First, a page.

A fight between the Army Corps of Engineers and the state over who controls the science governing construction of nearly $2 billion in coastal restoration projects has led the corps to order closure of the Louisiana Coastal Area Science & Technology Office by Oct. 1. The corps is considering using the office’s unspent money to dredge sediment from the Mississippi River or repair levees damaged during this year’s flooding.
By: Amy Wold, Advocate staff writer
After two years as the leader of the state’s Office of Coastal Protection and Restoration, Steve Mathies’ last day on the job was Friday. In a resignation letter he sent to staff on July 1, Mathies wrote the decision wasn’t an easy one for him.
By: Bruce Alpert, , Times-Picayune
Four days after the U.S. House defeated an amendment that would have restored nearly all the $35.8 million President Barack Obama requested for ecosystem restoration in Louisiana, two state lawmakers won passage Friday of an amendment that provides a modest $1 million for the project.
By: Bruce Alpert, Times-Picayune
WASHINGTON -- The first attempt to restore funding requested by the Obama administration for ecosystem restoration projects in Louisiana has failed. The House of Representatives voted 246-162 Monday night against an amendment that would have retained fiscal year 2011 funding for new construction projects by the Corps of Engineers.
By: Art Chapman, Star-Telegram
Every year for the past 10 years, Texas Parks and Wildlife magazine has published its July issue devoted especially to the state of water in Texas. And, every year during that period I have dutifully purchased that special edition and tried to update myself on the serious issues of Texas and its constant battle to provide enough water for an exploding population and still keep enough for healthy lakes, rivers, estuaries and bays. It's not that I am a devoted conservationist, though I do have causes I support. I consider myself kind of a middle-of-the-roader. I wouldn't know a snail darter from a blind salamander, and even if I did, I'm not sure I would consider life without either one of them truly catastrophic. I could be wrong.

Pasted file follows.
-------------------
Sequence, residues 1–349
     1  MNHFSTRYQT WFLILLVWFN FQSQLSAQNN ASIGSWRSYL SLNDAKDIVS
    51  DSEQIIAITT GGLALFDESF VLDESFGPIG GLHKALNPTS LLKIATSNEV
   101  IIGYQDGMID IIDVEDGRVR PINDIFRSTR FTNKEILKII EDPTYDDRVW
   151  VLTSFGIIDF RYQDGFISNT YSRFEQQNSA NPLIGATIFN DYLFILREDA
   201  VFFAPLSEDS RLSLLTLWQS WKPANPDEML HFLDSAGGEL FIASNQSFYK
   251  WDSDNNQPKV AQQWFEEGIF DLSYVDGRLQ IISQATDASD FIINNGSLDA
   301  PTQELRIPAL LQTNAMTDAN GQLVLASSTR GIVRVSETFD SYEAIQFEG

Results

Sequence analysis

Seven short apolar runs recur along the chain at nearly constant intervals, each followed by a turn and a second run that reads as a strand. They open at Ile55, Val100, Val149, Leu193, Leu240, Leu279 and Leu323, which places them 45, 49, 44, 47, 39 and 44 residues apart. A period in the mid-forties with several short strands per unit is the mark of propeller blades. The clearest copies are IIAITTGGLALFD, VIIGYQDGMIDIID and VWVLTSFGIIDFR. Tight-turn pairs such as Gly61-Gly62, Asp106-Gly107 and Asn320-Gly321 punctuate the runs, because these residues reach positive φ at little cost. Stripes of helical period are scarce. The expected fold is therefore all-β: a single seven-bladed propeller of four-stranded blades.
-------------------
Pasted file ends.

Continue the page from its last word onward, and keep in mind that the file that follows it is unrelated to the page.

By: LSU Media Center
BATON ROUGE – LSU’s two-year-old Coastal Sustainability Studio, or CSS, was recently named the 2011 Place Research Award winner by The Environmental Design Research Association, or EDRA, an international, interdisciplinary organization founded in 1968 by design professionals, social scientists, students, educators, and facility managers.
By: Rep. Reynolds, Ron, Texas House of Representatives
America's Energy Coast (AEC), is a national initiative of the America's WETLAND Foundation. The AEC is an initiative that joins the four energy producing Gulf states of Texas, Louisiana, Mississippi and Alabama by bringing together leaders from government, academia, industry, the national environmental and conservation community, and stakeholders from coastal communities all along the Gulf to create a regional, balanced voice in the national discussion on America's energy future.
By: Press Release, 3 KATC.com
The Bureau of Ocean Energy Management, Regulation and Enforcement (BOEMRE) announced today that it has awarded a $1,345,000 Coastal Impact Assistance Program (CIAP) grant to St. Tammany Parish in Louisiana. The grant will provide funding for the Green Property Preservation Project, an initiative to purchase a private parcel of land in the parish for preservation and restoration.
By: Wesley Johnson, President, East Ascension Sportsman’s League, Livingston
Father’s Day is always a time for me to reflect and be thankful for all the time I’ve spent with my dad. That almost always means remembering the great trips we’ve made together to hunt and fish in Louisiana’s coastal wetlands.